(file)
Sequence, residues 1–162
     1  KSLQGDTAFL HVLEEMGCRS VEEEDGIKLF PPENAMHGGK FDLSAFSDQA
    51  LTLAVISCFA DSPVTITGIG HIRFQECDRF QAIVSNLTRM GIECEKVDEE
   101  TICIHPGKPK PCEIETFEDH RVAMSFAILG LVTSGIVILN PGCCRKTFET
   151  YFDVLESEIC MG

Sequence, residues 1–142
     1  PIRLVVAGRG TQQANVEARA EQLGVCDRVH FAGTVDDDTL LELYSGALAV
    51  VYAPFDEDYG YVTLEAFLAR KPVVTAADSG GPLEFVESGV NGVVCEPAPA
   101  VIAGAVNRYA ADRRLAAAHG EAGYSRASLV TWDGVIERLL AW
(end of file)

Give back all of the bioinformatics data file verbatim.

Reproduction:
Sequence, residues 1–162
     1  KSLQGDTAFL HVLEEMGCRS VEEEDGIKLF PPENAMHGGK FDLSAFSDQA
    51  LTLAVISCFA DSPVTITGIG HIRFQECDRF QAIVSNLTRM GIECEKVDEE
   101  TICIHPGKPK PCEIETFEDH RVAMSFAILG LVTSGIVILN PGCCRKTFET
   151  YFDVLESEIC MG

Sequence, residues 1–142
     1  PIRLVVAGRG TQQANVEARA EQLGVCDRVH FAGTVDDDTL LELYSGALAV
    51  VYAPFDEDYG YVTLEAFLAR KPVVTAADSG GPLEFVESGV NGVVCEPAPA
   101  VIAGAVNRYA ADRRLAAAHG EAGYSRASLV TWDGVIERLL AW